Youth Labor Force Participation Surged this Summer
In August 16, The Bureau of Labor Statistics released its annual report on seasonal employment among 16-to-24-year-olds. BLS reported 9.1 percent youth unemployment rate, its lowest level since 1966. From April through July, 21.2 million young people were employed and 2.1 million unemployed.
Looking at demographics, the July 2019 labor force participation among young men, at 63.2 percent, was up by 2.1 percentage points over the year. The rate for women, at 60.4 percent, was little changed over the same period. By race, unemployment rates were little changed over the year for whites, at 8 percent; Asians, 8.2 percent; and Hispanics, 11.3 percent. Black and African American youth unemployment was 14.6 percent.
Looking at the distribution of employed young workers by industry or sector, 24.9 percent worked in the leisure and hospitality sector; 17.2 percent worked in retail; 13.4 percent worked in education and health services; 8 percent in professional and business service…
Read the report here.
Families Provided Care for Education, Training Vary
The Urban Institute has been researching state Child Care and Development Fund policies, examining the intersections of childcare with workforce development and postsecondary education, for more than half a decade. The recent research briefs provide a first look on the actual use of CCDF-subsidized care by parents enrolled in education and training and an update on state policies in this area.
Coverage levels and eligibility policies vary significantly across states. Generally, care that is subsidized by the federal block grant must be provided to low-income families. Most states prioritize recipients of Temporary Assistance for Needy Families benefits and working families. States, however, have discretion in providing care to parents who are enrolled in education or training, or are searching for jobs.
Find the research briefs here.
Public Charge Rule to Expel Legal Immigrants Based on SNAP
The Department of Homeland Security published final rules of an immigration regulation advanced by the Trump Administration that will deny admission to the United States for immigrants who have used certain public benefits, such as nutrition and housing assistance, when it takes effect on October 15. The regulation is formally titled Inadmissibility on Public Charge Grounds, but it is commonly referred to as the Public Charge rule.
The Immigration and Nationality builds off the Immigration and Nationality Act. The regulation allows the Department of Homeland Security to deny admission to anyone who is “likely at any time to become a public charge.” This prevents people without wealth or advanced education from achieving legal immigration status. Its policies make holding down a job important for people seeking permanent admission. The law states that age, health, family status, assets, resources, and financial status as well as education and skills shall be considered but does not specify how.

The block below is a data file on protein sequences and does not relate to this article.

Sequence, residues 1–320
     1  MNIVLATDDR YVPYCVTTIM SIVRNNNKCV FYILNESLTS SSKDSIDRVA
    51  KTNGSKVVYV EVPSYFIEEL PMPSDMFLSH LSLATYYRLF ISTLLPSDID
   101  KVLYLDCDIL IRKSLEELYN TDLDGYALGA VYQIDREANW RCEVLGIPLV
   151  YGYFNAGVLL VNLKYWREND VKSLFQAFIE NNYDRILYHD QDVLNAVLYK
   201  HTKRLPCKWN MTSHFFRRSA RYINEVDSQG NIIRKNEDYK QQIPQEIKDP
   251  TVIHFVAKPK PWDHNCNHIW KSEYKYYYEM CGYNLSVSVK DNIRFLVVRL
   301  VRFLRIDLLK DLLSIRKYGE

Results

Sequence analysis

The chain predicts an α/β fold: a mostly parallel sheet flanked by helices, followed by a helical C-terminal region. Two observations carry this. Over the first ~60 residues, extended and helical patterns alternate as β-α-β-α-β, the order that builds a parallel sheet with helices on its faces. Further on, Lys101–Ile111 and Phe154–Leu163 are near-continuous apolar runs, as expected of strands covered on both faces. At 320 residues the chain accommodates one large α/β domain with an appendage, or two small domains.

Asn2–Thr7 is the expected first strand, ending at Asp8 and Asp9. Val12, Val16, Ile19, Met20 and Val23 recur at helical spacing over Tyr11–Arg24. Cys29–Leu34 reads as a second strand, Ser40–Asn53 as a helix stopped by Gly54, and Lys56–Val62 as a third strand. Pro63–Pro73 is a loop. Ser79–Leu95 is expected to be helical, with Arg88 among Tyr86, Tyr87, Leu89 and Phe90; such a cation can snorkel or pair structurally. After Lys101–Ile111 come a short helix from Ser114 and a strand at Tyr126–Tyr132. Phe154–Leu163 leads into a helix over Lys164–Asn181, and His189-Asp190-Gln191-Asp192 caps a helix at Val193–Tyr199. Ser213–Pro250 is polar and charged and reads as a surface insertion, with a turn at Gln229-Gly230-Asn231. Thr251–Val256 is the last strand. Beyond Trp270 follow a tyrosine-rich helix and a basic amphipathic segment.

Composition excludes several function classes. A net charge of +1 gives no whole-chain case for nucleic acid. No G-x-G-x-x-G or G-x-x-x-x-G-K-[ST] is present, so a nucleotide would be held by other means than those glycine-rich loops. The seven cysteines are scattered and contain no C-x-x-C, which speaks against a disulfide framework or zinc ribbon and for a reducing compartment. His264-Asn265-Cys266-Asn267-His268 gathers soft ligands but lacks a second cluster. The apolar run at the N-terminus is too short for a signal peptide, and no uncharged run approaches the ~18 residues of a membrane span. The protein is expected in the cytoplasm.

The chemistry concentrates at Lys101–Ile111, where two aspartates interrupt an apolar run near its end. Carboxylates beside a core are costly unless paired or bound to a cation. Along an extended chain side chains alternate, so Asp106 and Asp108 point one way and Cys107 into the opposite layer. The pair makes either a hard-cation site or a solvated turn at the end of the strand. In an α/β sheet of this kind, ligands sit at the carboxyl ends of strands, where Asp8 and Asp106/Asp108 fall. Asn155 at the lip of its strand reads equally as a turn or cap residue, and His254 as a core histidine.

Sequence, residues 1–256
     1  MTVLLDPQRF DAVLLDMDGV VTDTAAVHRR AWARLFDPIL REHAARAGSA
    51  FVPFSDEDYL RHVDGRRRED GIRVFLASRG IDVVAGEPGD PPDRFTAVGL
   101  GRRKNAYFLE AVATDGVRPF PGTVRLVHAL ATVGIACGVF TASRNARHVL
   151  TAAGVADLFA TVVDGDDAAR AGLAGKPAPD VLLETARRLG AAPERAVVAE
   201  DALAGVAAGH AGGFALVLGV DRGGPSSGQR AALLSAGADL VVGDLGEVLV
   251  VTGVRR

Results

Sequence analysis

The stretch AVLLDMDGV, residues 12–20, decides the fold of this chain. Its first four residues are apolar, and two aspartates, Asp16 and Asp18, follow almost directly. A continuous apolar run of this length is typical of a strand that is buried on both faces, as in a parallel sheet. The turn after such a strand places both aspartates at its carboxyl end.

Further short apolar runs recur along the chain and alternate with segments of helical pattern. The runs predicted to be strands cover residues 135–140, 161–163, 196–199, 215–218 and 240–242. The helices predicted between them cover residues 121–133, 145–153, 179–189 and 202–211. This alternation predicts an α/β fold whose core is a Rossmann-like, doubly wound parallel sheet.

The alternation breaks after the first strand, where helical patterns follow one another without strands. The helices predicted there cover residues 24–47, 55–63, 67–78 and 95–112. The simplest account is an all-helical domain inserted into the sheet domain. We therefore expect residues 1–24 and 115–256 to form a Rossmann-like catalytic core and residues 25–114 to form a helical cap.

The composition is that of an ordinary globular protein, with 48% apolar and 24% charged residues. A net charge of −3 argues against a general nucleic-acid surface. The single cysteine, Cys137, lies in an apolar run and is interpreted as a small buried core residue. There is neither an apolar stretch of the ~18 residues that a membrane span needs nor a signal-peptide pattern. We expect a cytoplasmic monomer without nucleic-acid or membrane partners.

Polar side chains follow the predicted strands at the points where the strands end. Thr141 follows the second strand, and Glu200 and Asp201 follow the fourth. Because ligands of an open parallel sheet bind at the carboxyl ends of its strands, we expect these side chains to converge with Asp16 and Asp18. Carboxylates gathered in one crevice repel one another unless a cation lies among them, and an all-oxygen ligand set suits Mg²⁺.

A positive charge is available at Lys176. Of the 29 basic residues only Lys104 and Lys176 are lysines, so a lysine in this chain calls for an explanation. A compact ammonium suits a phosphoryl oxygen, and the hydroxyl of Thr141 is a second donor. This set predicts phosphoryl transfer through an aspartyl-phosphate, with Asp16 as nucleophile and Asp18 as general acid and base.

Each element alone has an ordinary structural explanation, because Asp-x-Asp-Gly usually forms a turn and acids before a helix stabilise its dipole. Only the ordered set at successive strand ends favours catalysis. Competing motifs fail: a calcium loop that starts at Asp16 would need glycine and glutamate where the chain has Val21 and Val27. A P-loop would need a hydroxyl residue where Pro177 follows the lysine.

To learn more, click here.
Rosy Escalante graduated from Dallas Can Academy Pleasant Grove in June 2019. She is the first one of four children to attend college. Rosy enrolled for fall classes in El Centro College where she will seek to attain her Associate’s degree. She will then transfer to North Texas State University to work on her teaching degree. She wants to have a positive impact on the lives of children the way teachers have made a difference in her life.
Her grandmother raised her. Rosy stated that while she lived with her grandmother, relatives told her not to waste her time in school because she was just going to end up being a “nobody” like other members of her family. She did not let anyone deter her from her lifelong dreams of going to college.
While attending Dallas Can High School, Rosy wanted to be an active parent in her son’s life. She frequently volunteered at the Early Head Start Center. She ran for President of the Parent Committee and won. Angel Lira, her son, loved having his mom volunteer in the classroom.
This summer Dallas Can High School hired Rosy to tutor students during the summer. She did an excellent job, so she will continue to work this coming year as a tutor while attending college.
Rosy decorated her graduation cap with this statement for all to see “They Told Me I Couldn’t “, That’s Why I did”. She will also decorate her college graduation cap with the same words. We are all very proud of Rosy Escalante and her winning attitude.
Three million newly eligible households include those with disabilities and seniors. In eight years, the program has now connected more than eight million people from two million households to the internet at home.